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Even low levels of air pollution increase risk for diabetes

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July 7, 2018

Exposure to air pollution may contribute to millions of new diabetes cases globally each year, according to a study published in The Lancet Planetary Health.

“Our research shows a significant link between air pollution and diabetes globally,” Ziyad Al-Aly, MD, assistant professor of medicine at Washington University and the study’s senior author, said in a press release. “We found an increased risk, even at low levels of air pollution currently considered safe by the U.S. Environmental Protection Agency and WHO. This is important because many industry lobbying groups argue that current levels are too stringent and should be relaxed. Evidence shows that current levels are still not sufficiently safe and need to be tightened.”

To evaluate the association of exposure to particulate matter with aerodynamic diameter less than 2.5 µm (PM2.5) with diabetes, researchers conducted a longitudinal cohort study consisting of 1,729,108 U.S. veterans who had no previous diabetes diagnosis. All participants were followed for a median of 8.5 years and Cox proportional hazard models were used.

According to the press release, researchers also linked the patient data to data from the EPA’s land-based air monitoring systems and NASA’s space-borne satellites.

To broaden the scope of the study from the U.S. population, researchers examined data from the annually conducted Global Burden of Disease study to estimate annual cases of diabetes and the effect pollution has on the loss of healthy years of life.

After adjusting for sociodemographic and health characteristics, researchers found that, in the cohort of U.S. veterans, a 10 µg/m³ increase in PM2.5 was associated with increased risk for diabetes (HR = 1.15; 95% CI, 1.08-1.22) and also with increased risk for death as the positive outcome control (HR = 1.08; 95% CI, 1.03-1.13).

Globally, air pollution contributed to approximately 3.2 million (95% uncertainty interval [UI], 2.2-3.8) incident cases of diabetes, approximately 8.2 million (95% UI, 5.8-11) healthy years lost and 206,105 (95% UI, 153,408-259,119) deaths related to diabetes in 2016, according to the researchers.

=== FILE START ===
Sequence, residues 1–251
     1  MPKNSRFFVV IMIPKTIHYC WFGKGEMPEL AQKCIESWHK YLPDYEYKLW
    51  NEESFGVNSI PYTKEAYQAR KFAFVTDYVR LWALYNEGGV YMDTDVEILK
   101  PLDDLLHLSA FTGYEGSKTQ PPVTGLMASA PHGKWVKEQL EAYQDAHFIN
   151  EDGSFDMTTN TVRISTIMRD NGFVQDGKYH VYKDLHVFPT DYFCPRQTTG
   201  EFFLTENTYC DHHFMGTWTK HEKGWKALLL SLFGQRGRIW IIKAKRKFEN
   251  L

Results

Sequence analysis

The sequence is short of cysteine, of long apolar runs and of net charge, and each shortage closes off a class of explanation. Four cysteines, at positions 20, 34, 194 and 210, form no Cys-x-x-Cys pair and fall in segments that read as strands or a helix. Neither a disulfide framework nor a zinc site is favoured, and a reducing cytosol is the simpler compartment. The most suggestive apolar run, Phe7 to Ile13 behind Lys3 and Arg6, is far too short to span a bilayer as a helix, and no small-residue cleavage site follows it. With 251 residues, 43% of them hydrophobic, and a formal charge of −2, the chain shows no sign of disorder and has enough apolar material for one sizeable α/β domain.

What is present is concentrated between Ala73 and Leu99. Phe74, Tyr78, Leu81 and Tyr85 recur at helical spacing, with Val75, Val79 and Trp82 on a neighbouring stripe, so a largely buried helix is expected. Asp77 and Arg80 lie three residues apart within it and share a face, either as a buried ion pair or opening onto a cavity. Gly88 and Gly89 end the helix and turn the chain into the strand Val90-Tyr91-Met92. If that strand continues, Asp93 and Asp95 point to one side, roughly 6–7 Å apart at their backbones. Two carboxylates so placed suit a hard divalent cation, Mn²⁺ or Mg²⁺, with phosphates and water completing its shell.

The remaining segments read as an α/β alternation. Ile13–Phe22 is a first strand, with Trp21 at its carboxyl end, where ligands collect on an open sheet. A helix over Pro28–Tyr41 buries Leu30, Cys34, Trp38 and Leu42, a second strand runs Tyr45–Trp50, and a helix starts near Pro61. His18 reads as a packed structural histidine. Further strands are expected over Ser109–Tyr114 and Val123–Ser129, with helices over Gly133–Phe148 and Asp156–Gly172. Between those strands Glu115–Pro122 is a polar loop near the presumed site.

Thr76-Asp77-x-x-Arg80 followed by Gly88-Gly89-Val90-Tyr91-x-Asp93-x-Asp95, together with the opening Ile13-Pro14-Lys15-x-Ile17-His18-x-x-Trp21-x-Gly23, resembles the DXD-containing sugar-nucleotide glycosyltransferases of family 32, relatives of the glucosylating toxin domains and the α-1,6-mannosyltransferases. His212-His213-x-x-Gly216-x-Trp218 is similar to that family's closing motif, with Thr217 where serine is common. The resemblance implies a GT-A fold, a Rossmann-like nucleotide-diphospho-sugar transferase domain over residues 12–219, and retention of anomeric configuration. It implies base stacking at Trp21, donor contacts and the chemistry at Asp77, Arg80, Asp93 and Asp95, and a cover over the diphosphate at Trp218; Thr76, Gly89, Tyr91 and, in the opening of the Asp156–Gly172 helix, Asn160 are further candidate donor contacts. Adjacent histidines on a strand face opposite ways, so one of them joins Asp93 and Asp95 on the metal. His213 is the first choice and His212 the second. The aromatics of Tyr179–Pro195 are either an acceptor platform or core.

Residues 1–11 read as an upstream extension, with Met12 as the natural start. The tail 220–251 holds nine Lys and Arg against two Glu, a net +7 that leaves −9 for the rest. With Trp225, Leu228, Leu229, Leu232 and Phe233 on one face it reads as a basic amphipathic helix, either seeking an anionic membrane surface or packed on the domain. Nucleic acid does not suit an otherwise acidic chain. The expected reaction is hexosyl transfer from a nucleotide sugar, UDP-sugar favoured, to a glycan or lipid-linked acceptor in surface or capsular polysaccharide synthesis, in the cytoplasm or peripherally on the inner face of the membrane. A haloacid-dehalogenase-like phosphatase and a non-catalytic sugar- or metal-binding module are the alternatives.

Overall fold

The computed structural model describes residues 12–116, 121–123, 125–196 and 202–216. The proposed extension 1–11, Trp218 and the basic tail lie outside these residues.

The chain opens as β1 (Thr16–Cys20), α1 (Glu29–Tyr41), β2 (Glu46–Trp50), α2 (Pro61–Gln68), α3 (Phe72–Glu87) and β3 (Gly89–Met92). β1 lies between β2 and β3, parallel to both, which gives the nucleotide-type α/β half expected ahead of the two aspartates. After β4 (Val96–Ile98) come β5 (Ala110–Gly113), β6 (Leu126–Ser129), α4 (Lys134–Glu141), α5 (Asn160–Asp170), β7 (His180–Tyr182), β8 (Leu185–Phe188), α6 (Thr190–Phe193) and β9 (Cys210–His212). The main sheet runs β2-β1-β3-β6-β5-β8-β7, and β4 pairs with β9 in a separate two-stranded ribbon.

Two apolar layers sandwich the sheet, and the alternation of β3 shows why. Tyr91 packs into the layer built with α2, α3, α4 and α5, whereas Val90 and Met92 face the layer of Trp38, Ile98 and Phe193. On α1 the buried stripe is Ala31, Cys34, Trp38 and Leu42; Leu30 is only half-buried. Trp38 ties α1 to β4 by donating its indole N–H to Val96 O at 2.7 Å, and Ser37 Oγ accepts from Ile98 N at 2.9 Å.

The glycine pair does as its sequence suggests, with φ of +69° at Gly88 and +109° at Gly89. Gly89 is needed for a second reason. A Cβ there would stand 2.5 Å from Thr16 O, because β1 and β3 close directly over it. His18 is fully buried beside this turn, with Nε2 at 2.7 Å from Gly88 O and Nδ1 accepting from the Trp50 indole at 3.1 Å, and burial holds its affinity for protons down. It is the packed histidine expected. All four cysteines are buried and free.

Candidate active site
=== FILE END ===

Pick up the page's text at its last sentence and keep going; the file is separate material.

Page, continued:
It was further determined that the risk for pollution-related diabetes varies geographically and is more prominent in lower-income countries due, in part, to a lack of environmental resources and clean-air policies, with the U.S. experiencing a “moderate risk of pollution-related diabetes,” according to the release.

“Over the past 2 decades, there have been bits of research about diabetes and pollution,” Al-Aly said in the release. “We wanted to thread together the pieces for a broader, more solid understanding.”

The findings follow several studies that have suggested a link between air pollution and diabetes risk. As Endocrine Today previously reported, prolonged ambient exposure, particularly exposure to nitrogen dioxide and PM2.5, increases the risk for development of type 2 diabetes in Hispanic children with overweight or obesity. After adjustment for confounders and body fat percent, higher nitrogen dioxide and PM2.5 exposures had adverse effects on the development of risk factors for type 2 diabetes, including insulin sensitivity, acute insulin response to glucose and disposition index. Beta-cell function fatigue was also evident with prolonged exposure to ambient air pollution. – by Melissa J. Webb

Disclosures: The authors report no relevant financial disclosures.





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